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Author Shimoda, M.; Honda, K.-ichiro
Title Insect reactions to light and its applications to pest management Type Journal Article
Year 2013 Publication Applied Entomology and Zoology Abbreviated Journal Appl Entomol Zool
Volume 48 Issue 4 Pages 413-421
Keywords ultraviolet; light; Integrated pest management; Artificial lighting; Photoreception; Phototaxis; Light-emitting diode; *Lighting
Abstract Insects are able to see ultraviolet (UV) radiation. Nocturnal insects are often attracted to light sources that emit large amounts of UV radiation, and devices that exploit this behavior, such as light traps for forecasting pest outbreaks, and electric insect killers, have been developed. Some diurnal species are attracted to yellow; yellow pan traps are used for conducting surveys for pest outbreaks and yellow sticky plates are used for pest control. Lamps that give off yellow illumination have been used effectively to control the activity of nocturnal moths and thus reduce damage to fruit, vegetables, and flowers. Covering cultivation facilities with film that filters out near-UV radiation reduces the invasion of pests such as whiteflies and thrips into the facilities, thus reducing damage. Reflective material placed on cultivated land can control the approach of flying insects such as aphids. Future development and use of new light sources such as light-emitting diodes is anticipated for promoting integrated pest management.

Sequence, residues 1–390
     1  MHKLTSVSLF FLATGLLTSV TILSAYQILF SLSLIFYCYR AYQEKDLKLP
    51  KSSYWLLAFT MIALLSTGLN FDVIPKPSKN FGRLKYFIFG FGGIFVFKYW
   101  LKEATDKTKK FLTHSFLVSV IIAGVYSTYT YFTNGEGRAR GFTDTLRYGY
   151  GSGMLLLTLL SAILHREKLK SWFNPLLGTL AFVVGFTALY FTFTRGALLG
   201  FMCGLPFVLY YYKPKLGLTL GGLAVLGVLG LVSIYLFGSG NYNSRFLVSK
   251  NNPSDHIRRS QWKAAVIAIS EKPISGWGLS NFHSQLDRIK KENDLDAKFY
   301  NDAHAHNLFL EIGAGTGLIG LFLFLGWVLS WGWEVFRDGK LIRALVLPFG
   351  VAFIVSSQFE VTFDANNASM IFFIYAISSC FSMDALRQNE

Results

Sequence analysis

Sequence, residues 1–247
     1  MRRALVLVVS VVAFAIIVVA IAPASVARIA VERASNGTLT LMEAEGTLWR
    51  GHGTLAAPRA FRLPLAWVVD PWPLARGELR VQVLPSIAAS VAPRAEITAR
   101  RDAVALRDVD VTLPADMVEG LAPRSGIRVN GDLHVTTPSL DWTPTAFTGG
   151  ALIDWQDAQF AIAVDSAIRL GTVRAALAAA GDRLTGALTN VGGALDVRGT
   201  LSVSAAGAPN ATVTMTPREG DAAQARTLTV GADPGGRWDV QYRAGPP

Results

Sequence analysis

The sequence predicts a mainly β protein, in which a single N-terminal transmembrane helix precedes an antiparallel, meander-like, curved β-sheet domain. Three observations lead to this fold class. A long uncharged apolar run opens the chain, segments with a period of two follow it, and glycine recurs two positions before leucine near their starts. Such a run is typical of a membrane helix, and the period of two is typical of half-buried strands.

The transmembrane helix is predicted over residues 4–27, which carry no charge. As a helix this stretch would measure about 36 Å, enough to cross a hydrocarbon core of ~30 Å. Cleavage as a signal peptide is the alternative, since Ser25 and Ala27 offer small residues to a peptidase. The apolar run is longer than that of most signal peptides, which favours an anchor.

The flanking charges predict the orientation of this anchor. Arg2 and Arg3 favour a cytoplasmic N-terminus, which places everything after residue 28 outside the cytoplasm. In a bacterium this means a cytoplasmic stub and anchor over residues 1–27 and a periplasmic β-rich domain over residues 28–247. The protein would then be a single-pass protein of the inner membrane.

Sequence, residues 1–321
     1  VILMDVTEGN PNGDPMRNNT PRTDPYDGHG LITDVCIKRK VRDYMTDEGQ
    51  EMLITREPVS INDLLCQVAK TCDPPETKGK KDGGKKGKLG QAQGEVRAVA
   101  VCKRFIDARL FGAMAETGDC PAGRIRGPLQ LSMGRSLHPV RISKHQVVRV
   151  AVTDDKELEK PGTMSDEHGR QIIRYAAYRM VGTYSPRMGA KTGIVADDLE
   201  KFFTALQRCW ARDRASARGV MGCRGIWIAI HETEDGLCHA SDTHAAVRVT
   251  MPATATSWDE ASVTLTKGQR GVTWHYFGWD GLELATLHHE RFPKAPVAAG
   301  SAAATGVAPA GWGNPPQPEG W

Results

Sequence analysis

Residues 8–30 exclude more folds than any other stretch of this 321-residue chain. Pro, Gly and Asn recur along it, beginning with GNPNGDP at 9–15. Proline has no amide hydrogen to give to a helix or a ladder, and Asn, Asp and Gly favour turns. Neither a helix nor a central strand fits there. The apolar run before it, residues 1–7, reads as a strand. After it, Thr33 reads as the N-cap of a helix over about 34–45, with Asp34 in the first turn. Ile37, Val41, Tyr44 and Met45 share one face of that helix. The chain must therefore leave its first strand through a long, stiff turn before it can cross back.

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ISSN 0003-6862 ISBN Medium
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Notes Approved no
Call Number IDA @ john @ Serial 110
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Author Grunsven van, Roy H.A.; Creemers, Raymond; Joosten, Kris; Donners Maurice; Veenendaal, Elmar M.